The windows throughout your home are a portal to the outdoors, a way to allow light in while you appreciate the view of your garden, yard or scenery. The last thing you need to see is a sweaty window coated in a film of condensation.
Not only are windows coated in condensation unappealing, they also can be evidence of a larger air-quality problem inside your home. Fortunately, there’s several things you can try to correct the problem.
What Creates Condensation on Windows
Condensation on the inside of windows is produced by the damp warm air throughout your home reaching the cooler surface of your windows. It’s notably common over the winter when it’s much colder outside than it is in your home.
Inside Moisture vs. In Between Panes
When talking about condensation, it’s crucial to recognize the distinction between moisture on the inside of your windows versus moisture in between the windowpanes. One is an indoor air quality issue and the other is a window issue.
- Moisture inside a window is caused from the warm damp air throughout your home forming against the glass.
- The moisture you find between windowpanes is formed when the window seal fails and moisture seeps between the two panes of glass, and at that point the window should be repaired or replaced.
- Condensation inside the windows isn’t a window problem and can instead be fixed by changing the humidity inside your home. Many things produce humidity inside a home, such as showers, cooking, laundry or even breathing.
Why Condensation on Windows Can Be an Issue
Even though you might presume condensation in your windows is a cosmetic issue, it could also be a sign your home has excess humidity. If that’s the case, water might also be accumulating on window frames, cold walls or other surfaces. Even a slim film of water can cause wood surfaces to mildew or rot over time, increasing the growth of mildew or mold.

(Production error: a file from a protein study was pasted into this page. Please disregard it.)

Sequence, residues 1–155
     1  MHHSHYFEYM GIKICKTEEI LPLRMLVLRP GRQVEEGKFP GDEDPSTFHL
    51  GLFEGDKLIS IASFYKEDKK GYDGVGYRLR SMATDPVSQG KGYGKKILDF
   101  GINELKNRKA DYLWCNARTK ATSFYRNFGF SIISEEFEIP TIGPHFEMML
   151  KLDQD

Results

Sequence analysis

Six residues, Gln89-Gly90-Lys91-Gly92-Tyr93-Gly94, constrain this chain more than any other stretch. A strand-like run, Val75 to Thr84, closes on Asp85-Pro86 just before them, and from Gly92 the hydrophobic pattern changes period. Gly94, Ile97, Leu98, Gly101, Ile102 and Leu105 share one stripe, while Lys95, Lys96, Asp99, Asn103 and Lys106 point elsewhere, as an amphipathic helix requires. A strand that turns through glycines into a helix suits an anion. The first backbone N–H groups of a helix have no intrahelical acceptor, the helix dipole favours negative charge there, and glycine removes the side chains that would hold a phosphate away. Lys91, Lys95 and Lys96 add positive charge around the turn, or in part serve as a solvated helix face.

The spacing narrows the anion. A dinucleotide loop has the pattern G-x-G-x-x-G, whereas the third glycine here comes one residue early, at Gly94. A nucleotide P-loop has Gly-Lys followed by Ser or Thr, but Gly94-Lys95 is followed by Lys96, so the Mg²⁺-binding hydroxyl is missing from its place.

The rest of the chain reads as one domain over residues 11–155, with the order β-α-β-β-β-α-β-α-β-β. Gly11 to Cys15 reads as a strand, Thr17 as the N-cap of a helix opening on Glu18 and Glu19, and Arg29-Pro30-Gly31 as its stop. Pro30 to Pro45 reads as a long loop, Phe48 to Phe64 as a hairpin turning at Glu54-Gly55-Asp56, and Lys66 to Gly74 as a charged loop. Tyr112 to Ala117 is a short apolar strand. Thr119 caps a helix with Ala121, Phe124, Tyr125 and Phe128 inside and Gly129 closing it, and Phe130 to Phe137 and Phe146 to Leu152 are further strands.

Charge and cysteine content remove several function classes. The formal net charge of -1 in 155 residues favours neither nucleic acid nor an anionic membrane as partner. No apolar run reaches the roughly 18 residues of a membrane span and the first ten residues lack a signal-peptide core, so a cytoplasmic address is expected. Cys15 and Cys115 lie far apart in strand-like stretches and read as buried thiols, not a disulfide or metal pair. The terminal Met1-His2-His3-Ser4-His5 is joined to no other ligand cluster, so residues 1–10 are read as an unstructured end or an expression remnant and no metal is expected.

How to Reduce Humidity Throughout Your Home
Thankfully there are several options for extracting moisture from the air inside your home.
If you have a humidifier active in your home – whether it be a smaller unit or a whole-house humidifier – lower it further so the humidity inside your home comes down.
If you don’t have a humidifier going and your home’s humidity level is excessive, consider getting a dehumidifier. While humidifiers introduce moisture into your home so the air doesn’t become too dry, a dehumidifier draws excess moisture out of the air.
Compact, portable dehumidifiers can eliminate the water from an entire room. However, portable units require emptying out water trays and generally service a fairly small area. A whole-house dehumidifier will extract moisture across your entire home.
Whole-house dehumidifier systems are managed by a humidistat, which enables you to establish a humidity level precisely as you would choose a temperature on your thermostat. The unit will run immediately when the humidity level surpasses the set level. These systems coordinate with your home’s HVAC system, so you will receive the best results if you contact skilled professionals for whole-house dehumidifier installation Port St. Lucie.
Alternative Ways to Reduce Condensation on Windows
- Exhaust fans. Adding exhaust fans in humidity hotspots such as the bathroom, laundry room or above the stove can help by pulling the warm, humid air from these spaces out of your home before it can raise the humidity level across your home.
- Ceiling fans. Spinning ceiling fans can also keep air moving inside the home so humid air doesn’t get caught up in one place.
- Opening your window treatments. Pulling open the blinds or drapes can lower condensation by preventing the damp air from being stuck against the windowpane.
By reducing humidity inside your home and moving air throughout your home, you can take advantage of clear, moisture-free windows even during the winter.